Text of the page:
And the great thing about spreadsheets is that once you have your columns and sums set up that you can keep extending that cash forecast to look even further in the future. Now, this is a bit like weather forecasting, the further you look into the future the less accurate the forecast is going to be. But when you start to look further ahead that’s when you can really start using your forecast to make important decisions about your business. It starts to give you clarity. For example, if you do a six-month cash forecast and you can see that in four month’s time your forecasted bank balance goes below zero, then instead of that seeming to just hit you out of the blue and you having to deal with that in the moment, you’ve just given yourself four months notice to do something about it. You’ve spotted that iceberg before you’ve hit it and you’ve given yourself time to change course. At the very least, that might be identifying that you need to get an overdraft facility in place if your cash forecast shows that you’ll be back in the positive a month or so afterwards – and remember, banks always seem a lot happier to grant you an overdraft when you don’t need one so this gives you the chance to have that conversation with them. But better than that, it also gives you the opportunity to try and do something to improve the situation before it happens.

It might be that on paper, your company is fine – you’ve got plenty of invoices due to come in that will get you out of that cashflow problem very quickly so in that case you might switch your focus to getting that money in sooner. Can you pull some work forward to cover that cashflow gap, or can you negotiate a customer part-paying you sooner or you paying a supplier later? For example, if you currently pay a supplier on 30 day terms, ask if they will move you to 60 days instead. Extending payment terms with a supplier is the same as taking a payment holiday on a mortgage – you still have to pay the money but you get a month’s respite and that can have a really positive impact on cashflow. And because you know the situation is coming up ahead of time you can deal with it using a bit of creativity, not in a mad panic because you’ve just realised you’ve not got the money in the bank to pay your staff.

But it’s not just about looking forward to give yourself time to avoid hitting those cashflow icebergs. When you can see the likely finances of your business laid out in front of you in a spreadsheet for the next six months to a year, then you can start playing about with some of those figures and see what happens. What if you cut out some of those costs in your business? Do you still need to rent that extra office space and what difference will that make to the cash you’ll have in the bank in six months if you were to get rid of it now? Take that expense out of your cashflow and see what happens in your spreadsheet? What if you stopped offering your customers 30 days to pay so that the cash came in on the same month you raised the invoice, or if you started taking a deposit payment upfront, what difference does that make to your cashflow? What if you increased your sales by just 5% each month – and putting a sum in a spreadsheet to calculate things like that automatically is really easy – but what difference would that make to where your company will be in a year’s time. You can look at what might seem really insignificant figures in your business but realise the compound effect of those figures over a year of your business. That £100 a month you’re paying out for something you don’t really need. That extra 10% you could put on your prices. Those two things put together might be the difference in twelve month’s time between being in the red and being comfortably in the black and you never realised.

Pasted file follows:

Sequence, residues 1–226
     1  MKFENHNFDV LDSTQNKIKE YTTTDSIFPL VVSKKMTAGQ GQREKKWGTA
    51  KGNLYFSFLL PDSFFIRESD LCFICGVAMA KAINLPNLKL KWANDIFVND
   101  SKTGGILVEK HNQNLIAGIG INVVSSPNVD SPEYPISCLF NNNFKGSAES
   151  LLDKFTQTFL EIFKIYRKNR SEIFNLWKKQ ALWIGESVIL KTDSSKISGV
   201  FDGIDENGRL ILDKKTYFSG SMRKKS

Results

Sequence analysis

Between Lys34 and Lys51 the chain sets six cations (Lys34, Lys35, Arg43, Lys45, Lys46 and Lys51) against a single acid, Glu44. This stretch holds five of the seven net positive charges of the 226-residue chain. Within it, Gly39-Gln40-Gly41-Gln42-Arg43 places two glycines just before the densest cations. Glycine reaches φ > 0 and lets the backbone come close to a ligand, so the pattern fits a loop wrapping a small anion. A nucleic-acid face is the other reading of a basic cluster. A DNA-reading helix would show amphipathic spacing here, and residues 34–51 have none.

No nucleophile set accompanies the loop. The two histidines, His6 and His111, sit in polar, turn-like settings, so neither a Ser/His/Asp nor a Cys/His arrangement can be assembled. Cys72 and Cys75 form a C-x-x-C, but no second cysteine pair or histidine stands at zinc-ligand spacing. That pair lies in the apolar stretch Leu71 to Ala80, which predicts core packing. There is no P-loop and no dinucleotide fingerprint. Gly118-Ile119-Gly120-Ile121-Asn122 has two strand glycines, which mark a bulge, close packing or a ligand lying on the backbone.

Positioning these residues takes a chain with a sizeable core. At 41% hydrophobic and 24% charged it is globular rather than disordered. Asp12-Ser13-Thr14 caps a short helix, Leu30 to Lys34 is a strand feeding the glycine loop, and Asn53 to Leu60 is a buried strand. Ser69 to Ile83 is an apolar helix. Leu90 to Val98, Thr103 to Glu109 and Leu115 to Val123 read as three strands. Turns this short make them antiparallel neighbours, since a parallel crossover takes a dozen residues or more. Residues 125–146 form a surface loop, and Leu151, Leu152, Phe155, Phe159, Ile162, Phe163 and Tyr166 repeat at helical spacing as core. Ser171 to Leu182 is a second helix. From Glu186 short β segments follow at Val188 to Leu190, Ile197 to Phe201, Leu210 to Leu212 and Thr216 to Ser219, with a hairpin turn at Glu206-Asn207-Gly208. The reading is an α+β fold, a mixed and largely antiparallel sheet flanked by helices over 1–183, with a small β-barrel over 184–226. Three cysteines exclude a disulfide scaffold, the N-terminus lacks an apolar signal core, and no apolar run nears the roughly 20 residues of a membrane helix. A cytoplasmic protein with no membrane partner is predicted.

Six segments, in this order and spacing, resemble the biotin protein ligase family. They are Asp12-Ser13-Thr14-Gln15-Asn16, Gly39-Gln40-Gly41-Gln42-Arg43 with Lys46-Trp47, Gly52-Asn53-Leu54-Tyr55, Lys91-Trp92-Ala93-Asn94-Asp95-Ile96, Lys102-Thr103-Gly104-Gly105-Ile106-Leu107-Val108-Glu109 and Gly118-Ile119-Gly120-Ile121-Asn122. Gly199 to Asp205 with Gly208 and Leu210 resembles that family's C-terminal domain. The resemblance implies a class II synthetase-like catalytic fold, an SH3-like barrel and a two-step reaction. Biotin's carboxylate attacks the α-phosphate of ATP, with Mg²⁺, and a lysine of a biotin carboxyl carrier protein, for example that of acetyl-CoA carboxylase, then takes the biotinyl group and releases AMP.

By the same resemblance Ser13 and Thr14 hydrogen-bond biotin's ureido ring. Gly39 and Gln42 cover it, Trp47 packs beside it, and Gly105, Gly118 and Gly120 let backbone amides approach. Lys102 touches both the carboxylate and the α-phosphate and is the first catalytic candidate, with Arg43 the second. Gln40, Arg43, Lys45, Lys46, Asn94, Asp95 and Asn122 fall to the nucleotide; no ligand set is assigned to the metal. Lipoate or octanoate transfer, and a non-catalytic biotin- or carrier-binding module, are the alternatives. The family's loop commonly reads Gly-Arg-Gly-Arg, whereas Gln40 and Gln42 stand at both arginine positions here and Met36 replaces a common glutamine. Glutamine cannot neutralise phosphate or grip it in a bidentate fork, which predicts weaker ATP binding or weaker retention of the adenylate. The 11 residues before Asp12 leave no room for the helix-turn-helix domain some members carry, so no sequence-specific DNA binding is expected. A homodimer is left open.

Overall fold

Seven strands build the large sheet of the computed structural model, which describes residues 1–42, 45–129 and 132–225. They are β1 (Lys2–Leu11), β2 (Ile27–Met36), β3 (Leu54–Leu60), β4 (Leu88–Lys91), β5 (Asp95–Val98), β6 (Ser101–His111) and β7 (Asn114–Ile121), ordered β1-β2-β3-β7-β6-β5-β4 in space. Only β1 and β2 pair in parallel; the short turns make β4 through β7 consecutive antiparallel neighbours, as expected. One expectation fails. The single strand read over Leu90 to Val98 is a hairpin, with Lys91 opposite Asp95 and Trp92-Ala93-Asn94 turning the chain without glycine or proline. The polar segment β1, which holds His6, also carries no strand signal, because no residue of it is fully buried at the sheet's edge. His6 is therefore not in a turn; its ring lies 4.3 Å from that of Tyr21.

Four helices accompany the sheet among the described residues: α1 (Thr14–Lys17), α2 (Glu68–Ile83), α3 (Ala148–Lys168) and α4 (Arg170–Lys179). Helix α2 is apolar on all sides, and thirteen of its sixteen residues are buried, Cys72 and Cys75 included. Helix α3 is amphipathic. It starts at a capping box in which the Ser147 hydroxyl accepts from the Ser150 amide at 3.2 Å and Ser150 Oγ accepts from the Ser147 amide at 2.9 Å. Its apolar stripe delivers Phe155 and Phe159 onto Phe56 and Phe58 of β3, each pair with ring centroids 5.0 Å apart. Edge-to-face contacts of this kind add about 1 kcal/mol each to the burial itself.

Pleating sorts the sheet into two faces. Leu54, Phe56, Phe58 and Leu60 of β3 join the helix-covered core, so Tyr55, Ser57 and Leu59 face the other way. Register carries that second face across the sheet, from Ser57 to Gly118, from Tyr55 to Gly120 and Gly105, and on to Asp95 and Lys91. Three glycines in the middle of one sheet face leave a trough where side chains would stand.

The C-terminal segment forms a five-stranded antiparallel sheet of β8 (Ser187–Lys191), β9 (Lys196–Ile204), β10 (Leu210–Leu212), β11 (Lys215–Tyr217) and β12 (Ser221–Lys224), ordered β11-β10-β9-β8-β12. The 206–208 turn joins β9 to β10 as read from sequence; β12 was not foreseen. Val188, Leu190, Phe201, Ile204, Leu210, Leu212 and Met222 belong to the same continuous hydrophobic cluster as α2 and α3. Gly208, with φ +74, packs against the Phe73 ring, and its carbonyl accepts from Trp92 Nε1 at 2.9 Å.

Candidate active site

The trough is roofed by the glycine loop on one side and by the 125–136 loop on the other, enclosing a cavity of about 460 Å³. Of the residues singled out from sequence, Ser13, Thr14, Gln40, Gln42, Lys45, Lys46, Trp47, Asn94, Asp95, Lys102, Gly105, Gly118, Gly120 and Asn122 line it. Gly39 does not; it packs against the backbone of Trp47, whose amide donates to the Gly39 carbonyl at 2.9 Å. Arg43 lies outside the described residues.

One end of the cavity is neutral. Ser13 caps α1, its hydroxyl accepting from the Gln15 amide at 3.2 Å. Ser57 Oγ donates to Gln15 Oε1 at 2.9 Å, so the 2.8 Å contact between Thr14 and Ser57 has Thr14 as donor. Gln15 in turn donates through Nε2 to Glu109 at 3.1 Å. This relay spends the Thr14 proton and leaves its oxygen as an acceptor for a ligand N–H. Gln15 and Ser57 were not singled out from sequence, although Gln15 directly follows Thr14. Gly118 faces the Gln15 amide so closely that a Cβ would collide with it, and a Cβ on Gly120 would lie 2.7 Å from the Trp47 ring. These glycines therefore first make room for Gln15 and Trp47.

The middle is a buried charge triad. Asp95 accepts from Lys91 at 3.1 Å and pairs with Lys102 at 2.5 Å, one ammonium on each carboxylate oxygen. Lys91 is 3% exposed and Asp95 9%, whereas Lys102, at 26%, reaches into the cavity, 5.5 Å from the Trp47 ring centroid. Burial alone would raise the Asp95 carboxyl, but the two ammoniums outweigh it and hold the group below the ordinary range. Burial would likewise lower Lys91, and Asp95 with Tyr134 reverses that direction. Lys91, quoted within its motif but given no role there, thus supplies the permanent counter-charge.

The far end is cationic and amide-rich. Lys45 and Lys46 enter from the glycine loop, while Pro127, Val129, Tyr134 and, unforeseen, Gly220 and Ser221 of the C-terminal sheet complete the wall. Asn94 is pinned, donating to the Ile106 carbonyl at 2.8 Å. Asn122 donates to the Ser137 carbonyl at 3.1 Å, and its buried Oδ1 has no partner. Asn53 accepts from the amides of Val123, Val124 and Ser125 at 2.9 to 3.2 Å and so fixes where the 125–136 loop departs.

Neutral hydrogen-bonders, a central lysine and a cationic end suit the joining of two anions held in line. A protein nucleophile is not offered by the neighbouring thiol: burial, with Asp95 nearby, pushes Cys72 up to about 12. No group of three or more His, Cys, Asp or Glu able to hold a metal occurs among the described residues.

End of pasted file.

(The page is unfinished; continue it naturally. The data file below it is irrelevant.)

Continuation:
And this is when you can really start to plan the growth of your business – and in my experience, a nicely growing business isn’t always down to the big things, the big new product launches and the big marketing plans; it’s often about being in control of the little things and just being very diligent about making continual improvement. And once you have all your monthly figures and forecasts laid out in a spreadsheet this is when you can see all this, this is when you can play about with those figures to see what a difference it will make to where your company is in a couple of years’ time. I’ve seen more companies grow by focussing on increasing their sales by just a few percent each month than I have companies coming up with some new big idea that makes them a huge success overnight.

Doing a forecast like this might also give you a shot in the arm. If you’re struggling in business and you put together a forecast and see that in another two years you’re likely to be no better off than you are now, then it’s time to shake up what you are doing. You can see that you are going to have to do something different, or maybe even drastic, to move your business forwards. But in the same way it may show you that you are doing better than you think right now too. And once you’ve got your money put aside to pay your next tax bill, and once you’ve got that buffer built up against unexpected costs, then you might find that actually, you’ve got a bit of money that you can invest back in the business than you realised. Yes, you can afford to take on that person to do your social media for you; yes you can afford to upgrade your IT systems so that your customers get automatic reminders instead of you having to do everything manually; yes, you can pay off that loan early to avoid the extra interest; or yes – you can actually do something with that money that aligns with your company ethics. You could back a charitable vegan project or afford to donate some of your time free of charge to worthy causes.